Should ‘Tenet’ Come Out This Summer?

Last week we were graced with a new titillating trailer for Christopher Nolan’s upcoming mind-bender, Tenet. I viewed it just as the auteur had intended, via Fortnite. (Sorry, that’s still funny to me.) I am once again fascinated by Nolan’s own fascination with time. I’d like to think that if Nolan weren’t a writer-director extraordinaire, he’d be an excellent watchmaker.

Missing from the trailer this time around is any mention of the film’s release date, instead brandishing the tag: “Coming to theaters.” It appears Warner Bros. is crossing fingers these next few weeks, monitoring economic forecasts as counties, states, and other countries slowly begin to ease restrictions. Nolan, backed by the studio and an at-risk cinema state, is doing his utmost to save his medium’s exhibition by making good on Tenet’s summer tentpole release. But with a still-rising death count, new safeguards in place, and warnings of a second wave, it’s not a question of will Tenet come out this summer, but should it? Continue reading

‘Extraction’ Review – A Fun and Forgettable Netflix Actioner

At one point in Extraction, Chris Hemsworth presses a dude’s face into an upturned rake. Hemsworth should’ve capitalized on the moment like the most glorious of all character introductions, stating coolly: “Rake. The name’s Tyler… Rake.” Extraction is the kind of B-movie actioner tailor-made for our current stay-at-home viewing impulses, and a particular kind of Marvel-actor brand slowly carving out a genre space in Netflix’s domain. Some of us might crave something with a little more substance, but in the listless routine of our quarantine days, a quick adrenaline fix can go a long way. Continue reading

‘Knives Out’ – A Satisfying Whodunnit, A Better Social Satire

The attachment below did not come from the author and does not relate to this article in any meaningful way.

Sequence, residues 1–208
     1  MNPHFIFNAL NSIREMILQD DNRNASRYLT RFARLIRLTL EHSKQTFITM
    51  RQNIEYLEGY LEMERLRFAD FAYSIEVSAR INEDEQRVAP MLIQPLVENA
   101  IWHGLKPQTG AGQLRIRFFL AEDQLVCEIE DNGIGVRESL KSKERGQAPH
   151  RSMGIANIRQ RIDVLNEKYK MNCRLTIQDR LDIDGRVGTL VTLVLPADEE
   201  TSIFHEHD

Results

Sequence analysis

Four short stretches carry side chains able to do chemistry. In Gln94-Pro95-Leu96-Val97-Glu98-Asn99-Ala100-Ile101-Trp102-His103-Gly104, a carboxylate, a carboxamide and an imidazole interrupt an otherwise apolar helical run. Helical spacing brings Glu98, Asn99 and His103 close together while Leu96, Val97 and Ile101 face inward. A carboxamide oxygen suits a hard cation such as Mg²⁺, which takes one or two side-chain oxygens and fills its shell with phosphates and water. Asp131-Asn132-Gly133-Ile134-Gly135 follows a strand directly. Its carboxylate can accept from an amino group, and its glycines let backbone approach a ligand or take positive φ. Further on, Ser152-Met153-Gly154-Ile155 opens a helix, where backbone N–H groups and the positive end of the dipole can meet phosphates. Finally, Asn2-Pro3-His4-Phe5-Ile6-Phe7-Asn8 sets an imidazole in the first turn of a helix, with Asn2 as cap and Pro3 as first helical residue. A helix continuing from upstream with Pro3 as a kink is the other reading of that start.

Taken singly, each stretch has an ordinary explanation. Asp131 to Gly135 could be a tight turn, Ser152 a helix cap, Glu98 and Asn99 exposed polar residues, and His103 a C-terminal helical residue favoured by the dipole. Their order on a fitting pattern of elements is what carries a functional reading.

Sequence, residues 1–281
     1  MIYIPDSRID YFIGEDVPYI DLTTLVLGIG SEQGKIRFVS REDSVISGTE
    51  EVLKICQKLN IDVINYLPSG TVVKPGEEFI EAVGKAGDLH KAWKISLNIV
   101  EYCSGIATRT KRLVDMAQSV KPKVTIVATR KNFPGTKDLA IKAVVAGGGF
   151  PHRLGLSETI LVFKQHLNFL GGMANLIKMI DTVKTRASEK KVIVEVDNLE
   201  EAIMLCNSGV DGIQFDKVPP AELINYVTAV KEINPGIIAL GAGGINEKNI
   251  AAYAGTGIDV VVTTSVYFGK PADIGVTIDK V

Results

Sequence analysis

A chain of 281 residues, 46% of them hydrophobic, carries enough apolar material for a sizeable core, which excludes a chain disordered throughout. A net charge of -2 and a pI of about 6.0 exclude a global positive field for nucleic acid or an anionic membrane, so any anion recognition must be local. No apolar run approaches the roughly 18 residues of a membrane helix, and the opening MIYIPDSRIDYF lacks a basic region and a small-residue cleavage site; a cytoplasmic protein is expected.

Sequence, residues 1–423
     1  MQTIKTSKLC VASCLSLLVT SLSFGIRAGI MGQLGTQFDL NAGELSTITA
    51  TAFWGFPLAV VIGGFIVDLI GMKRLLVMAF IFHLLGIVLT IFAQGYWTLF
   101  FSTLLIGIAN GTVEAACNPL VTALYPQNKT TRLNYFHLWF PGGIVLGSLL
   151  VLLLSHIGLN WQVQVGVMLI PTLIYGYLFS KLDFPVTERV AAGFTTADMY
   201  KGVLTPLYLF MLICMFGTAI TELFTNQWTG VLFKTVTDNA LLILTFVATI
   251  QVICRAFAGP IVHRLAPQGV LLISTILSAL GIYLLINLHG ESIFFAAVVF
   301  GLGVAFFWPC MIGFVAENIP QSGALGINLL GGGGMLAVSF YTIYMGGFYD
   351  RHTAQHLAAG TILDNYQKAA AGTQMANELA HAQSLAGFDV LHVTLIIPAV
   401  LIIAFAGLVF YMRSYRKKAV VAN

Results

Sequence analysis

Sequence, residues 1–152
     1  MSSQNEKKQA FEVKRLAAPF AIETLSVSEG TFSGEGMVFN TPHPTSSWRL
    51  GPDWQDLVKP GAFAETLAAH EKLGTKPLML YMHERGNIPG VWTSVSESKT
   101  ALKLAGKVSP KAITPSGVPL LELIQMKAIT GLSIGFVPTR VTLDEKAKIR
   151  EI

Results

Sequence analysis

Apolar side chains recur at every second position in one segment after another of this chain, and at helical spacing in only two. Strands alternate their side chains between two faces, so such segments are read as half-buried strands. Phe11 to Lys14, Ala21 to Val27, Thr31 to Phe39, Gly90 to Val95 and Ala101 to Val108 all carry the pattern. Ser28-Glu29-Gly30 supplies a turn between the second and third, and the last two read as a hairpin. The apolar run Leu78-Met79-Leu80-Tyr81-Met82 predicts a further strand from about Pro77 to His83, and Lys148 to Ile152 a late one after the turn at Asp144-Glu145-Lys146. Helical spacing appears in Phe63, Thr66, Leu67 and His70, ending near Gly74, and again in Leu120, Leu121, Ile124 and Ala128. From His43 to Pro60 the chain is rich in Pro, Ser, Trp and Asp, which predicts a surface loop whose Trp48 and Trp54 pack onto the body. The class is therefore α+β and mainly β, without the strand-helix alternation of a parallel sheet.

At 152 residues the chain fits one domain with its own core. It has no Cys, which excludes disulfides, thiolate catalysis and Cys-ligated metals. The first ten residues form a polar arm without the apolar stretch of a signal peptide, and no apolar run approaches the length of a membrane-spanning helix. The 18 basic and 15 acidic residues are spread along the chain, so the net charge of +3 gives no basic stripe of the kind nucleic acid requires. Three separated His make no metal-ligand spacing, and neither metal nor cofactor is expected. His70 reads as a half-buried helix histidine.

To be frank, Rian Johnson feels overqualified for the whodunnit. Known for his subversive-style storytelling, Johnson has a knack for one-upping the genres he’s operating in: Brick, a high school thriller wearing a hardboiled fedora & trench coat; Looper, a time-travel movie more invested in drama than sci-fi; and The Last Jedi, an age-old good vs. evil blockbuster that transcends Chosen One tropes. With Knives Out, Johnson is back in detective mode, but the genre can’t contain his ideas or idiosyncrasies. Knives Out is flesh and blood a murder mystery, but the real hat-trick is that it’s simultaneously a satire that slyly carves its way into the beating political heart of America. Continue reading

‘Crawl’: Draining the Superhero Swamp

January and February are typically months spent catching up on all the movies I’ve missed in the last year. Though I may write and tweet insufferably endlessly about film, I will forever be late to the hype train. Because for each one movie I obsess over, there are 10 others passing below my radar. I recently went HAM on all the sweet Blu-ray deals I could find for myself (as a treat). Among the score was Crawl, a creature-feature & underrated B-movie gem that I sadly skipped in 2019. I wish I hadn’t because holy shit does this movie rule. Continue reading

The Rise of Skywalker and the Limits of J.J. Abrams

For as long as I’ve known him as a moviegoer, J.J. Abrams has done the impossible. He made me a fan of franchises like Mission: Impossible and Star Trek. That may sound hyperbolic considering De Palma’s Mission: Impossible is as iconic as its centerpiece CIA heist sequence, and that Star Trek is as immediately recognizable in geek iconography as the mere parting of your fingers. But I was never a fan of either until Abrams put his stamp on both properties.

J.J. Abrams became THE go-to guy to resuscitate any dormant film franchise, and he’s since gone on to shape the modern blockbuster as we know it like a valiant successor to Spielberg. As a result, Hollywood has entrusted him with the reins of not one but two of its most sacred franchises in Star Trek and Star Wars. Needless to say, it’s been very easy to hop on the J.J. Abrams train. Continue reading